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Monday, March 15, 2010

Insurance Payouts

A conceptual actuarial algorithm would start with a probabilistic model of the insurable incidents and then try to balance the policy owner's potential payouts against the reserves built up from the incoming premiums. As an objective, an insurance company wants to always keep its head above water, by keeping the balance positive:
Balance = Reserve - Payouts
For the earthquake model, a simple expected pay-out scheme would multiply the strength of the earthquake (S) against the probability of it occurring p(S). In other words, the larger the earthquake, the more the damages and the more the payout.
dPayout/dt = UnitPayout * RateOfEarthquakes * Integral (p(S)*S ds)
The entroplet for the earthquake:
p(S) = c/(c+S)^2
leads to an indefinite integral will diverge as a logarithm if S extends to infinity:
c * [ ln(c+S) + c/(c+S) ]

An infinite payout won't happen due to physical constraints but it does demonstrate precisely why the fat-tail of low-probability events have such an impact on an actuarial algorithm. They essentially drive the time-averaged payout to a surprisingly large number over a policy-owner's lifetime. (In contrast, a thin-tail probability distribution such as a damped exponential will pay-out only on the average earthquake size and not the maximum)

Should the insurer's balance ever go negative, a reinsurance company picks up the rest of the payout. The whole artifice sits precariously close to a Ponzi scheme, and the insurers optimally hope to push the payout as far in the future in possible, praying that the big one won't happen. In California, earthquake insurance does not come automatically with a homeowner's policy. This also explains why insurance companies typically don't offer flood insurance. The 100-year floods occur too often. In other words, the "fat-tail" probability distributions for floods and insurance generate too high an occurrence for supposedly rare events and the companies would end up losing if they offered only affordable premiums to make up their monetary reserve. The alternative of higher-priced premiums would only attract a fraction of the population.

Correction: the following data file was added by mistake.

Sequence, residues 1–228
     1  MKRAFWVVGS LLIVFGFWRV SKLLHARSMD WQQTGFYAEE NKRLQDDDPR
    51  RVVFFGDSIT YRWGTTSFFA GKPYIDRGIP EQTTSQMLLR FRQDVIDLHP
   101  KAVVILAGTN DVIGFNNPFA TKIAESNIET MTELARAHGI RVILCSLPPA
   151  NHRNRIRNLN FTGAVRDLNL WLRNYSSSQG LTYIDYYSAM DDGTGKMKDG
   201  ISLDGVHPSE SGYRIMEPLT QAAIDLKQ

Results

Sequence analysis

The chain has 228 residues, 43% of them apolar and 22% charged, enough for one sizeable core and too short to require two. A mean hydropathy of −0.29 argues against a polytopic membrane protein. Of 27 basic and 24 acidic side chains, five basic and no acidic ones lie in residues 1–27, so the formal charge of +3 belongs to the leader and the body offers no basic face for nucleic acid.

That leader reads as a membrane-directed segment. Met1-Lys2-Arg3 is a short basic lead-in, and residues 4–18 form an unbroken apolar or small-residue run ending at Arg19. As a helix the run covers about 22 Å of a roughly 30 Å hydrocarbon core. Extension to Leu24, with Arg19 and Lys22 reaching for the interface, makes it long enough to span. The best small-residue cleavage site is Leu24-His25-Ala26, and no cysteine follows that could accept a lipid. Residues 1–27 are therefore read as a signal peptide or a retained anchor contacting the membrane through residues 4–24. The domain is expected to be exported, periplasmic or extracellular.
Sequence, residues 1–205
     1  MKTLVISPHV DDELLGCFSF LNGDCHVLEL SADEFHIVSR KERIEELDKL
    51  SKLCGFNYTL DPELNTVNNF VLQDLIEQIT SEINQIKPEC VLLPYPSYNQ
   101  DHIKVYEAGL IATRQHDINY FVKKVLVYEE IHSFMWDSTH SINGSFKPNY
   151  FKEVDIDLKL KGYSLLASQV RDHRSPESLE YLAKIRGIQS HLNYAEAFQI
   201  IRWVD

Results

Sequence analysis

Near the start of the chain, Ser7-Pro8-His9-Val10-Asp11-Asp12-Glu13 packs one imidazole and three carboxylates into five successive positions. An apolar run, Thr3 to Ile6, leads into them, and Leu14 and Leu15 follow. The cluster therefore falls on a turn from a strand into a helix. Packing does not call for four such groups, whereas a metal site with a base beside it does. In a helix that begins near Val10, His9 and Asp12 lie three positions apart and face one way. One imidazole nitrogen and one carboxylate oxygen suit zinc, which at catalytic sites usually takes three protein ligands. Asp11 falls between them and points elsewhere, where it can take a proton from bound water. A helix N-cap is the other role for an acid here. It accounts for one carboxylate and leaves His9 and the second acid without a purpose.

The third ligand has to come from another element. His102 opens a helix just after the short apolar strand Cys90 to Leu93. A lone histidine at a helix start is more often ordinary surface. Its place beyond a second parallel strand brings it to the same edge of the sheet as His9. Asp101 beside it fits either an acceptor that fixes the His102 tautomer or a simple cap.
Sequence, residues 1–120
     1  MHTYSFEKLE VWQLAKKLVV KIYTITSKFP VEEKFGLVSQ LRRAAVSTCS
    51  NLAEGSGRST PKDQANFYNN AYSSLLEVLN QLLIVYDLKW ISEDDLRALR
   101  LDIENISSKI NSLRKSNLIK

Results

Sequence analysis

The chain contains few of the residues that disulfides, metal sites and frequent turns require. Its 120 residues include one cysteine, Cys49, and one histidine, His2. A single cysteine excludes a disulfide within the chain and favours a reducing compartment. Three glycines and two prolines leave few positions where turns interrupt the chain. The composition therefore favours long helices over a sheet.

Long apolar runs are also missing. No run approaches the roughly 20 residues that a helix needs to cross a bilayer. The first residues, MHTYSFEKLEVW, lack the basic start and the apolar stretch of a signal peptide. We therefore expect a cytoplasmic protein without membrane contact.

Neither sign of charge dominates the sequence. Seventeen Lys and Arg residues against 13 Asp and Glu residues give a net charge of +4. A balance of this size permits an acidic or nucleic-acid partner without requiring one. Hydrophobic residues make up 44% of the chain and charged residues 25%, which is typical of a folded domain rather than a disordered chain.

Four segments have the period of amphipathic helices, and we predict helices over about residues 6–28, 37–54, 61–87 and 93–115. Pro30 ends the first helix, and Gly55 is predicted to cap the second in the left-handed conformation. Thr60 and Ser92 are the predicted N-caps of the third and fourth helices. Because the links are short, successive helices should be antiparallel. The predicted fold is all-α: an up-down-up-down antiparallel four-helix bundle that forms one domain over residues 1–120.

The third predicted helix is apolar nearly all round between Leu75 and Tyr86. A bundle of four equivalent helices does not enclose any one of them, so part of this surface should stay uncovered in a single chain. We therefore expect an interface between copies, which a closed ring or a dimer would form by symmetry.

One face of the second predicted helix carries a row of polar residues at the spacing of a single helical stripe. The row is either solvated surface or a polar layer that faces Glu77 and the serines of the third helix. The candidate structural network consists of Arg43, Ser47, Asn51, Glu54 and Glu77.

I don't know if I can yet model all the extraneous game theoretic aspects, but if you had an insurance policy against earthquakes, the insurance actuarian would consider this model quite useful. They couldn't tell you when the earthquake would happen, but they could reasonably predict the size in terms of a probability (essentially related the slope of the above curve). The problem comes in when you consider the risk of the insurance company (or the reinsurance company) not covering the spread in the face of a calamity. It happened to AIG and the financial collapse of 2008 forced the government to bail them out.


This essentially explains why fat-tail distributions can wreak havoc on our predictions. If we know that a given data set follows a thin distribution such as a Normal or Exponential, a large outlier will not affect the results. But for a fat-tail distribution, when a "gray swan" outlier occurs, it will act to sway the expected value considerably, especially if we did not previously account for its possibility. This happens because if we want to keep the mean to a finite value, we have to place limits on our integration range. Yet once we find a data point outside this range, we have to update our average with this knowledge, and this will push the average up. This does not happen with the thin-tail functions because any new data always stays within range and it will only update the mean if you treat it as a Bayesian update of the entire data set. So the trade-off lies between keeping a large enough range to accommodate gray swans versus keeping the range small so as not spook people with large premiums.

Again, this always reminds me that with catastrophic accidents, we don't want to see the fat-tails and gray swans. Yet with a goal of finding more oil, a gray swan becomes a desired outcome. Finding another super-giant that will force us to update our fat-tail statistics keeps the cornucopians fueled with optimism. The finite hope does exist, and that may forever prevent us from facing reality.


Professor Blogger Adli Yusof said...


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